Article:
By Paul W. Gramlich and Keith Gramlich‘Big Bertha” as we affectionately call her, is perhaps one of the truly fine classic Nashes to come off the assembly line in Kenosha, WI. The limited production Ambassador series of 1931-1934, represented Nash Motor Company’s try at breaking through the luxury automobile market of the depression years. Only a limited number of the big Ambassadors rolled off that assembly line, but nevertheless they compared favorably with the Stutz, Cadillac 8, Packard 8, and other luxury automobiles.
Charles W. Nash, Founder of the Nash Motor Car Company, made a statement to the public, that he would “never make a cheap automobile.” No doubt the public found that out in the dependability of the Nash automobile. The one-millionth Nash rolled off the Kenosha assembly line in 1934.Paul discovered Big Bertha during the summer of 1954 in a local gas station (what is now “Jiffy Lube” at the base of Little Neck Parkway on Jericho Turnpike at Tulip Avenue, in Floral Park.) Under the dust of storage, one could see the fine solid condition that the car was in, and although the odometer read 62,258 miles, the upholstery was exceptional. The paint has turned to chalk from oxidation, and the bright work was painted with chrome paint because of excessive pitting and rust. It was learned that the garage owner, Me. George Smith, of Floral Park, NY was the original owner, and that his wife used the car almost exclusively. However, she was getting on in years and found the car difficult to park between the newly installed parking meters, and was difficult to handle because of the mechanical brakes and huge steering radius. The car was, and yet wasn’t for sale. Sentimental value weighed heavily with the owners, and they would only part with the car if they could be assured that it would be well taken care of. Paul explained to Mr. Smith that he would love to have the car, but really couldn’t afford it since he was leaving for college that fall. At college, he couldn’t help but daydream about owning Big Bertha. One evening in 1954, his Dad, Walter, called long distance to say Mr. Smith consented to sell Paul the car for a nominal sum of $75.00. Needless to say, Paul was thrilled at the offer, and that Christmas vacation, they took possession of the Ambassador.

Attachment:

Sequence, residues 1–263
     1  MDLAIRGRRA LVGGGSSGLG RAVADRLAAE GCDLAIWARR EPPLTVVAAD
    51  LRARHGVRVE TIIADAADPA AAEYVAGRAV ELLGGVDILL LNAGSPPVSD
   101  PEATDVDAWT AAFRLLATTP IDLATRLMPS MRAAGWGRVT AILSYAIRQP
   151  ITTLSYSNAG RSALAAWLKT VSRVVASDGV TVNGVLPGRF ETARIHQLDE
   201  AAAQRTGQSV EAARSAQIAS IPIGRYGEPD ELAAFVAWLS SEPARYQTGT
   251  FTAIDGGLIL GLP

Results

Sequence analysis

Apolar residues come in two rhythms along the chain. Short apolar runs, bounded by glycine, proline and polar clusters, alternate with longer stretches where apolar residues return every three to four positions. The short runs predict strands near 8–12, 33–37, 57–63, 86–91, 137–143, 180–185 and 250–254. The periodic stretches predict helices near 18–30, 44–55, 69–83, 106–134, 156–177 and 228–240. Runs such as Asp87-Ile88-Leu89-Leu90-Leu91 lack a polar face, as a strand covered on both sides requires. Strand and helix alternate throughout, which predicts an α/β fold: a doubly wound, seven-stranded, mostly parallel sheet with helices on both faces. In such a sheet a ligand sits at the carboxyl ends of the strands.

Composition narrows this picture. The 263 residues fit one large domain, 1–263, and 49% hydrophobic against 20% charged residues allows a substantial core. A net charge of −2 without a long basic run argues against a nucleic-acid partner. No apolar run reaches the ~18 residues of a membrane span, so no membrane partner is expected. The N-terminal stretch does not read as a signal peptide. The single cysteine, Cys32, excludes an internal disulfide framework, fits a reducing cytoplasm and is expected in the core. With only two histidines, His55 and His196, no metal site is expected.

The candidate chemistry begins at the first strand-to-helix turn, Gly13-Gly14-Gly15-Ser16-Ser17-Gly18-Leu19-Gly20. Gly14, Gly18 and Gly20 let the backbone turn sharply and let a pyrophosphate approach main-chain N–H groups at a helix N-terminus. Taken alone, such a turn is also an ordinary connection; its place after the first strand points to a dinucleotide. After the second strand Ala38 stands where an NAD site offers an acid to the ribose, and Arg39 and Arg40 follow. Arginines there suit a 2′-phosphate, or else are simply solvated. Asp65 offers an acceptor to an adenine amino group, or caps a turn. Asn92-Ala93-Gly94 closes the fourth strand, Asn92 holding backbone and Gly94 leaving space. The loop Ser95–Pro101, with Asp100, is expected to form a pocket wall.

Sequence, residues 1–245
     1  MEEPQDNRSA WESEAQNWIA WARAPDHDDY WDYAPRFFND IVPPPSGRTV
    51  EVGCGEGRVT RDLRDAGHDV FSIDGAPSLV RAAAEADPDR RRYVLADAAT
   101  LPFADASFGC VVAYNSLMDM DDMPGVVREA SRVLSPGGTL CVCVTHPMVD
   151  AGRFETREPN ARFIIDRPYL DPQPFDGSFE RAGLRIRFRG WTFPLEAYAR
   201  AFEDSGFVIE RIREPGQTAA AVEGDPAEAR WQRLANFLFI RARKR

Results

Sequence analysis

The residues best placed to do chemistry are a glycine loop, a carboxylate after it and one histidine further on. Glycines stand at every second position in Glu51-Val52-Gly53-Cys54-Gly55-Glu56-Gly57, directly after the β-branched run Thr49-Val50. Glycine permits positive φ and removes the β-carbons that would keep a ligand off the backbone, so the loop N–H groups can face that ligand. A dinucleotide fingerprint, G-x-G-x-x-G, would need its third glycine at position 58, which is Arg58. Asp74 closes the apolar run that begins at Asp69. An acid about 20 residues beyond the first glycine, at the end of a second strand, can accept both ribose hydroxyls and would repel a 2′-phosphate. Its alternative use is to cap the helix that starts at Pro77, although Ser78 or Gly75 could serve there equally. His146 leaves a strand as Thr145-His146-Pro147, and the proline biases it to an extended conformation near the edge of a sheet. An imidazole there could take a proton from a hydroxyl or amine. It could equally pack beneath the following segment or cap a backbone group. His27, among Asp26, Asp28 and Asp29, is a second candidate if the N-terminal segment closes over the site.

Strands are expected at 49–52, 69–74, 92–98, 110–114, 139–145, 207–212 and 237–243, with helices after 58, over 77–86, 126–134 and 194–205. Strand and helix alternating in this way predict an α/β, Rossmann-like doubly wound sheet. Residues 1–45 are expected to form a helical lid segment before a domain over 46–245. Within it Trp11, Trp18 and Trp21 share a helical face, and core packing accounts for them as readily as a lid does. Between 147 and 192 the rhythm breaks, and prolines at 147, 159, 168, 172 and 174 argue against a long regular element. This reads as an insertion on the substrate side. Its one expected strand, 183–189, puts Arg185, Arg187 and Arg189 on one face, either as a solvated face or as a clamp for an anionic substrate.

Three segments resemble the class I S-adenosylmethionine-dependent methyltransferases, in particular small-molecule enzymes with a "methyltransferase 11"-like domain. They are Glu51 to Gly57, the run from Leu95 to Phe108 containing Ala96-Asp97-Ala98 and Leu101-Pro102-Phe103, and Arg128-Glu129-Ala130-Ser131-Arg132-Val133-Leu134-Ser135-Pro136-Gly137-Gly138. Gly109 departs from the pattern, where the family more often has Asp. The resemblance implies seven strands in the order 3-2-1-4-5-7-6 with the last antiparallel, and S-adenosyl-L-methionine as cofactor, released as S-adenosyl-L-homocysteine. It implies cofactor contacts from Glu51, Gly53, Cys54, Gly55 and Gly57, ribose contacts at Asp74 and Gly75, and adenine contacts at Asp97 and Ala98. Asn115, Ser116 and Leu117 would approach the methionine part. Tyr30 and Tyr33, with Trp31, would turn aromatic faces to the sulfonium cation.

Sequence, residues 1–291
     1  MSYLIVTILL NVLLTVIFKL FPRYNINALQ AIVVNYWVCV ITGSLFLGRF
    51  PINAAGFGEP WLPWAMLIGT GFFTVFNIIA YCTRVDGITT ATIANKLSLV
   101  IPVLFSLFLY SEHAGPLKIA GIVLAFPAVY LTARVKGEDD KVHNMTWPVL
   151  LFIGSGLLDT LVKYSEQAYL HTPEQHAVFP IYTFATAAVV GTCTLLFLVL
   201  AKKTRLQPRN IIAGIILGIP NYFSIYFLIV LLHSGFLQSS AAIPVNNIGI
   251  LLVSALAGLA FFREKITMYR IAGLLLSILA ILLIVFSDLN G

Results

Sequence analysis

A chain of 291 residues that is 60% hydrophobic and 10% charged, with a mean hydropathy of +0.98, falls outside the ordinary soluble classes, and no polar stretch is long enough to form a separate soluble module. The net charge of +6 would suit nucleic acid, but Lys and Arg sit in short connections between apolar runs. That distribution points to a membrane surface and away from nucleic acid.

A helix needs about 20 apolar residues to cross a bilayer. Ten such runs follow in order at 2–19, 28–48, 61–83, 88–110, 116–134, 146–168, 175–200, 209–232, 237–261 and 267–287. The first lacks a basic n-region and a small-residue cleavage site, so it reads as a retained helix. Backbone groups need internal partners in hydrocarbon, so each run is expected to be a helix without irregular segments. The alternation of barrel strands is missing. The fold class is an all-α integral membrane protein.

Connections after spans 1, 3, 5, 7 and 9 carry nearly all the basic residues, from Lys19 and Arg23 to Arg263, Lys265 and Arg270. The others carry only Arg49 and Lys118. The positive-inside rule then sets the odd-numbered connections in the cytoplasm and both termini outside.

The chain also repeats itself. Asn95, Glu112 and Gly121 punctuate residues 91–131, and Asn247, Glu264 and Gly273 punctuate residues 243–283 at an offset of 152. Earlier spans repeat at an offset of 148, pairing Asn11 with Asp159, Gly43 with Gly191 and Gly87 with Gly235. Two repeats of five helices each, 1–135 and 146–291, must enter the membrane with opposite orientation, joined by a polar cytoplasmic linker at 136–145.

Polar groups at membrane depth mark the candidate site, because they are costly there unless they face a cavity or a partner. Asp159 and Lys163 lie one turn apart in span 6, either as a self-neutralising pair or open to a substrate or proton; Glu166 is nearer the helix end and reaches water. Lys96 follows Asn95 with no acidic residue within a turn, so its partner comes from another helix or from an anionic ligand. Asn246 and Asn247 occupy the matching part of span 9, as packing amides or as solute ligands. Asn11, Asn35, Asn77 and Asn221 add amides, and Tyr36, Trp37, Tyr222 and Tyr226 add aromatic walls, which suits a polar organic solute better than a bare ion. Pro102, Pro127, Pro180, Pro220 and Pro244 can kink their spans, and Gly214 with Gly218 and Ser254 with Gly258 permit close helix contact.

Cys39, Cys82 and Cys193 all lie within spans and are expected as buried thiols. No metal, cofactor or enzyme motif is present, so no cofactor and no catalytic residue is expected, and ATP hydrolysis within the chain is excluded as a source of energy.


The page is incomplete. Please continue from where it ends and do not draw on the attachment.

In looking the car over, Paul noticed that the original headlamps were replaced with Guide sealed beam units. Yes, the originals went in the rubbish only two weeks before he decided to sell the car. When sealed beam lamps came out, he decided to update the car and “they were only gathering dust in the garage.” For years and years and stacks of correspondence, we have only located one original in Chicago. And still need another. To the best of my knowledge, there are only a couple of 1923 Ambassadors in existence today in various conditions.
In the 1980’s, the car was laid up, as a bad engine overhaul in the 1950’s led to poorly seated rings and a smoking condition that progressively got worse, and then family obligations that took priority. 3 years ago, through the encouragement of his sons, the car received a new set of rings and wrist-pins, as well as all of the fuel system gasketing and rubber updates to compete with today’s so-called “fuels”, and much needed work on the brakes and new tires. In December 2014, the car drove for the first time in thirty-plus years.
So, here is where I got my idea for an article. I’m following my Dad back home with the car, when I notice something dragging on the ground under the car. The tail pipe had fallen down.
The hanger was still there and it appeared that a weld that held the pipe to the hanger had given way. First thought was, “gee, all I need is a wire and we’re good to go”. Guess what I didn’t have in my tool box?? So a thorough search of the grassy area off to the right revealed an old but usable piece of wire. That as well as an old clamp, that was still hanging on to the pipe, was used, and the car drove problem free the rest of the way home. We hope to have the car out to a GNYR show in 2015!